Mea Culpa


‘It’s a hideous old hag!’

‘It’s a striking youngster!’

‘How can you not *see* what I mean?’

‘How can you not see what *I* mean?’


I take responsibility for the storm that erupted on the twitter edusphere this weekend. I failed to foresee quite how differently some would see my blogpost from how I – and others – saw it.  I should perhaps have re-read this: we react much, much more intuitively than we’d like to admit. That is, our emotional, moral reaction kicks in first’.

So I wrote to Mr Beadle on Monday, and here’s what I said:


Dear Phil,

I’m writing to apologise to you for the offence my blogpost has caused. Here’s what was said about it online on the weekend:

“criticises something written as a generic little helper for being generic, designed to be incendiary, the impetuosity of exuberant youth, poor, unprofessional, wilfully under-nuanced misreading, ideological drives construed as pragmatism, obnoxious, risible, arrogance, dismissiveness and condescension, an emotive lashing-out, misjudged, bitter and hostile, emotive and dismissive, condescending, arrogant, absurd, big-mouthed lightweight, self-imploding, jarring, academically lazy and weak, bigoted, passive-aggressive, a politicised arm, sneering caricature, misrepresentation, smug derision, incredibly dull, lazy, a lazy stereotype, bigotry, jarringly unacademic, no substance, a mosh-pit of obnoxious Oxbridge posh kids, divisiveness and confrontation. Worse than anything seen in my many long years.”

If I understand your viewpoint correctly, it’s that that I criticise your book for being generic when that is precisely its purpose! You see it as a deliberately blunt misrepresentation of your large volume of work – 7 books, hundreds of thousands of words, and loads of TV and CPD sessions. It seems you were the first teacher to take a public stand against learning styles, which I didn’t know. I think I see what you mean – but tell me if I’ve misunderstood.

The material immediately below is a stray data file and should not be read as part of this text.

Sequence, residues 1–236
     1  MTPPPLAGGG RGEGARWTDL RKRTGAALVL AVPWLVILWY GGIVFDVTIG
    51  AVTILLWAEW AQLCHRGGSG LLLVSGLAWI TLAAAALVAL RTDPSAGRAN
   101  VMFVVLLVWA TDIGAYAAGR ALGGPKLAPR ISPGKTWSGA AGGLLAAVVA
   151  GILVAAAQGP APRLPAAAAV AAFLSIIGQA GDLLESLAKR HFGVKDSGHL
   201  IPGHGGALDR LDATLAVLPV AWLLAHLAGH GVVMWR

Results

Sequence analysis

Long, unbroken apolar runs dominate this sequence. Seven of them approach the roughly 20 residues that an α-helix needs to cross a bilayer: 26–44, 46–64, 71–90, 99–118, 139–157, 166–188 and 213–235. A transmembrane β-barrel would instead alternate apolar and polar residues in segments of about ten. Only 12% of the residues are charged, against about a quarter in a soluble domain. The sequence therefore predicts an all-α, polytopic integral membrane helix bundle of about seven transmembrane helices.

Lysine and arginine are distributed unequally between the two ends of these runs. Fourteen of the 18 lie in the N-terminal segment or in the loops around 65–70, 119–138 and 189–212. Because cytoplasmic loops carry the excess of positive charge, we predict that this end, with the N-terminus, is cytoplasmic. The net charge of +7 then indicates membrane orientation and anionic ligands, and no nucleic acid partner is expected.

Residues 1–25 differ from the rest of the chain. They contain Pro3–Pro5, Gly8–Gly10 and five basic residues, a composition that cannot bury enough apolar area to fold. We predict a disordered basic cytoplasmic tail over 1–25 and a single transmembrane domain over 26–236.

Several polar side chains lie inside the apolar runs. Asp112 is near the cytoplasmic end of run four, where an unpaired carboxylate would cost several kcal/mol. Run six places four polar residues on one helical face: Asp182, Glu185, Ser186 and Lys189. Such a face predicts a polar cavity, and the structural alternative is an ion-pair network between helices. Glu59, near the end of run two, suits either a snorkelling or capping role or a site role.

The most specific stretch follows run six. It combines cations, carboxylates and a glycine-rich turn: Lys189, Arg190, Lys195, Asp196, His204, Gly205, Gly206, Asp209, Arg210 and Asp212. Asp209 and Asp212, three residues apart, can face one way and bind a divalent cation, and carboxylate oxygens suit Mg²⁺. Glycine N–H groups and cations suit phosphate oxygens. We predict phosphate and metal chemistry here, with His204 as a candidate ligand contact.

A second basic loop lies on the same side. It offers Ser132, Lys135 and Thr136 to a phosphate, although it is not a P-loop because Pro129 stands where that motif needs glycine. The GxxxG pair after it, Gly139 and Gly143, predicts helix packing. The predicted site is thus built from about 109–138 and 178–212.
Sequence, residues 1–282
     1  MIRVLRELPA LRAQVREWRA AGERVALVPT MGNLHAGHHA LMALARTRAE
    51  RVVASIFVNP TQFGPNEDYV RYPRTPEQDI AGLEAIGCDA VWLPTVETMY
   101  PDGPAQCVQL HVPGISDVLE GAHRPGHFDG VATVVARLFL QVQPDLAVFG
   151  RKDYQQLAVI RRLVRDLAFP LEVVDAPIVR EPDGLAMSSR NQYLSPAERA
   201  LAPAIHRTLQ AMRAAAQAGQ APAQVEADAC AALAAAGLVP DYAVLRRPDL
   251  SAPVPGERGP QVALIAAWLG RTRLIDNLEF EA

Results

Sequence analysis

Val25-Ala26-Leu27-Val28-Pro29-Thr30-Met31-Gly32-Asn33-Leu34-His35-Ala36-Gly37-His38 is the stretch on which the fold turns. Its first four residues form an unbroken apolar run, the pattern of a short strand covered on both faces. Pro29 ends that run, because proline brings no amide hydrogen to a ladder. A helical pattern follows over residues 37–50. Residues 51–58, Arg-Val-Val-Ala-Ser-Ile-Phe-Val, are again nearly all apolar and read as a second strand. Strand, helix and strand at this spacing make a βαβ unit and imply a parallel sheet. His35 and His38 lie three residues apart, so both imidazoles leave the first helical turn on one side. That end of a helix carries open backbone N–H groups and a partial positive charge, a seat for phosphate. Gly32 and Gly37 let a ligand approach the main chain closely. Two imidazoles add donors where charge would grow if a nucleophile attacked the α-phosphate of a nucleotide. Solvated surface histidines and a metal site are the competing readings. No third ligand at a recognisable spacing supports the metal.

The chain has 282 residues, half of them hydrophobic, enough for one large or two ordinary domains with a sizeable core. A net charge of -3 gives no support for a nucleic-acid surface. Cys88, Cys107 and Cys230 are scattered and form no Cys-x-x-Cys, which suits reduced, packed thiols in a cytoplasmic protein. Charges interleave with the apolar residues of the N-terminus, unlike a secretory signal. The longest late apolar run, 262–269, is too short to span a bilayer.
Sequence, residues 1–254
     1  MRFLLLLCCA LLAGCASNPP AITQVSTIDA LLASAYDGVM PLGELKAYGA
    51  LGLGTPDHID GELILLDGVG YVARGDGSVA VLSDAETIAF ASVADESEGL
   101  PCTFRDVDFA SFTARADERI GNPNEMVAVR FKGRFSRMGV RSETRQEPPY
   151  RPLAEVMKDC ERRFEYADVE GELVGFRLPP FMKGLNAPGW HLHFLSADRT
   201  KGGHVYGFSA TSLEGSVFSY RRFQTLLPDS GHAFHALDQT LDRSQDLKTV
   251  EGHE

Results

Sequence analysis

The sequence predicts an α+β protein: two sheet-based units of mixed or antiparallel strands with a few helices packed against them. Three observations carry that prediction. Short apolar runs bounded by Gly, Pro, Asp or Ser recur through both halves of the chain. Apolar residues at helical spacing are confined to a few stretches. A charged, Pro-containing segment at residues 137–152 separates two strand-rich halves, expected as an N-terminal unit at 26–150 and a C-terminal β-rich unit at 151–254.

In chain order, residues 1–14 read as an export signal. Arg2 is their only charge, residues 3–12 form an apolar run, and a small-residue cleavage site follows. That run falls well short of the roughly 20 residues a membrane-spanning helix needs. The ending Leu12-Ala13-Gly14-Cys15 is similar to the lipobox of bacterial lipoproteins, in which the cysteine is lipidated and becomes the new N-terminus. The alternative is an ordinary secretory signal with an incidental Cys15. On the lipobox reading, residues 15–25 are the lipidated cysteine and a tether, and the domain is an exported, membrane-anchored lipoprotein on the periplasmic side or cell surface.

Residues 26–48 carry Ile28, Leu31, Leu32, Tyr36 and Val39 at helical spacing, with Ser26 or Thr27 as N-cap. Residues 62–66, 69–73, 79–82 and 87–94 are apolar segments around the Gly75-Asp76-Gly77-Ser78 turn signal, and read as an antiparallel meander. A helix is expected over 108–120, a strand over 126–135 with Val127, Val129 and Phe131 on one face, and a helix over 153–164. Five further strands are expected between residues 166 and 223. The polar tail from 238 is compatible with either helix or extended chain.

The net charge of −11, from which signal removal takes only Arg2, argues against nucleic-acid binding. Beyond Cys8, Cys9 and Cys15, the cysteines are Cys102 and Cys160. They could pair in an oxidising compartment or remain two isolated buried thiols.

With that in mind, I’d like to say I’m sorry. I’m sorry if I misrepresented your work in public. And I’m sorry for the hassle and annoyance my post caused.

I have read three of your seven books, and I plan to read the others. When I read them as a new teacher, I found them iconoclastic. They got me challenging the accepted orthodoxy around starters and the three-part lesson, for instance.

These are the messages and practical ideas I most like from How To Teach:

“Control your classroom; sort your seating; zero tolerance; appear endlessly enthusiastic; use praise envy; all pens down; ringing parents is the ultimate sanction; emotion is viral; enthuse them to love your subject; experiment; set homework at the beginning; equip them with complex, technical sub-specific key words; set only minimally-labour-intensive homework; the key to setting objectives is the verb you choose to use; marking is the most important thing you do as a teacher: mark their books with dedication and rigour and your class will fly; teaching is a lifetime vocation.”

On all this I agree. I have already said what I disagree with; perhaps on that we should agree to disagree.

Someone once said that wisdom is balancing courage and consideration. I clearly overcooked it on the ‘courage’, and undercooked it on the consideration. So I have removed your name from the title, and I would like to make this apology public online on Wednesday.

Apologising is one thing; learning the lesson and acting on the mistake is another. I’ll do my best to strike a better balance between challenge and consideration in the future.

I look forward to taking up your teach-off challenge one day – though perhaps not until the dust has settled!

Kind regards,



Phil replied generously that he’d buy me a pint at the next education event. The round after is on me.